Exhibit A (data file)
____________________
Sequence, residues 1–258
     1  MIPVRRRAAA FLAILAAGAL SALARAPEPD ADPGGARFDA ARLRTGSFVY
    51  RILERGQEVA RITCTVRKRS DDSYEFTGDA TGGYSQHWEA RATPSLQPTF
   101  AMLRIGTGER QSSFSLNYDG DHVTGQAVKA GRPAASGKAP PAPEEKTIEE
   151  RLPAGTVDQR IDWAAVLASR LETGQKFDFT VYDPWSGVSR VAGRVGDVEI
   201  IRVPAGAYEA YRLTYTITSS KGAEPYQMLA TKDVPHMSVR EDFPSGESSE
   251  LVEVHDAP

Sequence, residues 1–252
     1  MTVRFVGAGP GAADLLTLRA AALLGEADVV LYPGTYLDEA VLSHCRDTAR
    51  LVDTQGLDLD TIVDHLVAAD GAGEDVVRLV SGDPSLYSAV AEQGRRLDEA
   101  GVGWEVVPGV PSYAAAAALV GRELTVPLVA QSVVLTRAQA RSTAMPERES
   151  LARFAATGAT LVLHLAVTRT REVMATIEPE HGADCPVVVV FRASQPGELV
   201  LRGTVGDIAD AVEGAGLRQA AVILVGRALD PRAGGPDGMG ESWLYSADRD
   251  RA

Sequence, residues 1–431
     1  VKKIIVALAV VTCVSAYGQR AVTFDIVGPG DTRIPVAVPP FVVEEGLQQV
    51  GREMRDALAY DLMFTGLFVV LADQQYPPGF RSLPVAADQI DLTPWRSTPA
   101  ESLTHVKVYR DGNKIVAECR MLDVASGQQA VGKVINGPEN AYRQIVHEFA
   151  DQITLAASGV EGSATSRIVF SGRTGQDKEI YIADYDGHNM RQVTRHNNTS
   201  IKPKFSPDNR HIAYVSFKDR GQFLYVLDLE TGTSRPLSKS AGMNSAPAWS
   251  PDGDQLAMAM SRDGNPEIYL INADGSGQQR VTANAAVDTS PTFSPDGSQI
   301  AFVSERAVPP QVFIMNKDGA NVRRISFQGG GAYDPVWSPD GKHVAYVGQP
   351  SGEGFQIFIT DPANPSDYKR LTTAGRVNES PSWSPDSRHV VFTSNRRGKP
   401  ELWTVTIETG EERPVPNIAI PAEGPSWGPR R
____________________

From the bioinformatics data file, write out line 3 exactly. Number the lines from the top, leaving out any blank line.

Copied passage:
    51  RILERGQEVA RITCTVRKRS DDSYEFTGDA TGGYSQHWEA RATPSLQPTF